Football team participates in “Save a Friend” challenge

Trey Farley
tlf001@marietta.edu

Facebook Images-09 (2)While Marietta College and Otterbein University were foes on the gridiron this past Saturday, they were allies off the field last week.

A nonprofit organization, “Be the Match” is operated by the National Marrow Donor Program in the United States. About 70 percent of the time, a patient who needs a marrow transplant cannot find a match within his/her own family. When that is the case, doctors turn to the National Registry database to find an unrelated donor match.

The two schools teamed up with “Be the Match” to create the “Save a Friend Challenge.” The challenge’s name is derived from those friends that wish to be saved, those who have already been saved, and the ones who will be saved through this program.

A marrow donor registry drive was held at Marietta College last Wednesday Nov. 9 from 4:30 p.m.-7:00 p.m. where anyone ages 18 to 44 were registered and only needed to provide a simple cheek swab to see if they matched anyone needing marrow.

The motivation behind this drive are very close to home for the football team. Head football coach Andy Waddle’s wife Kerry, whom is an Otterbein alum, was saved through this program. However, the main reason behind this particular drive is Dimantae Bronaugh, who is a former high school teammate of current Pioneer quarterback Darrien Fields. Bronaugh was diagnosed with Acute Lymphoblastic Leukemia (ALL) in August 2015 and the best chance for cure is a bone marrow or stem cell transplant.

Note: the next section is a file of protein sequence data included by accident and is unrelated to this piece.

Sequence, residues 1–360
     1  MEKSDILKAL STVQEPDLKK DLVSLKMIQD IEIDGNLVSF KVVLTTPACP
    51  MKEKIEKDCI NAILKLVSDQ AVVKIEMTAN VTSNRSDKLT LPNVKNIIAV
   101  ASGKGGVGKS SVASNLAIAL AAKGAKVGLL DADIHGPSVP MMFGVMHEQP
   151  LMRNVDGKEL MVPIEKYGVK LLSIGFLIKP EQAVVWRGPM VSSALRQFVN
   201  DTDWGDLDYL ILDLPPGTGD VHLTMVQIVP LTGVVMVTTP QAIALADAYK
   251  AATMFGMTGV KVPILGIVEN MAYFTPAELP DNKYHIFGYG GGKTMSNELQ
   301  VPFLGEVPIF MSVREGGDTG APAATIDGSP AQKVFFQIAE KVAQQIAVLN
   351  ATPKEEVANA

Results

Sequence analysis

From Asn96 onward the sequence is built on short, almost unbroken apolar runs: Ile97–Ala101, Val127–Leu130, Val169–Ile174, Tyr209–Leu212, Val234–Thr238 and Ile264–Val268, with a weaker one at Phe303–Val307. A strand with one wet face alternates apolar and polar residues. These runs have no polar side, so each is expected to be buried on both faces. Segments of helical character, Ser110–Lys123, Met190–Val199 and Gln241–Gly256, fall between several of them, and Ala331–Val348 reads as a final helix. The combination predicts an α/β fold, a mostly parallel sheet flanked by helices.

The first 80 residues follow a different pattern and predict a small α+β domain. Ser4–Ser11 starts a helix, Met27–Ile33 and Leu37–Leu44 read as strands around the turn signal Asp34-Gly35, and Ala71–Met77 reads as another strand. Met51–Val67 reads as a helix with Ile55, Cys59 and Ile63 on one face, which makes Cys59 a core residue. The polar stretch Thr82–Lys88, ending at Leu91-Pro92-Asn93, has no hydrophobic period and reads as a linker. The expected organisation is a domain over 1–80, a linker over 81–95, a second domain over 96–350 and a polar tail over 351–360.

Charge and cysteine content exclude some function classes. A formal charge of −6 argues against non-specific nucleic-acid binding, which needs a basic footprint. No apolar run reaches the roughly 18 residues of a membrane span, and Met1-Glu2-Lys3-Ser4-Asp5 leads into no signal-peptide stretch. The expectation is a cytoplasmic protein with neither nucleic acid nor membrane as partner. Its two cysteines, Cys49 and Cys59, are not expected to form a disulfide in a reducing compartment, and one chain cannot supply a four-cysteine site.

“I wanted to do something since I’m away from home and couldn’t contribute directly, but before I ever voiced that, Coach Waddle came to me about the idea of a bone marrow drive considering his wife went through a similar situation, and it just took off from there” Fields said.

“We called the folks at be the match and they called us right back and set up the drive on short notice. Otterbein signed up 89 and Marietta signed up 211 for a grand total of 295 new members to the national bone marrow registry’ Waddle said. “We are very thankful to everyone who signed up at both schools and have no doubt that together lives will be saved from this challenge.”

The Waddle’s have worked with “Be the Match” previously and registered more than 1,000 potential bone marrow donors. Meanwhile the Cardinals, under the direction of head coach Tim Doup, have a longstanding relationship with Lauren’s First and Goal Foundation, hosting the Ohio camp each summer that has raised in excess of $100,000 for pediatric brain tumor research.

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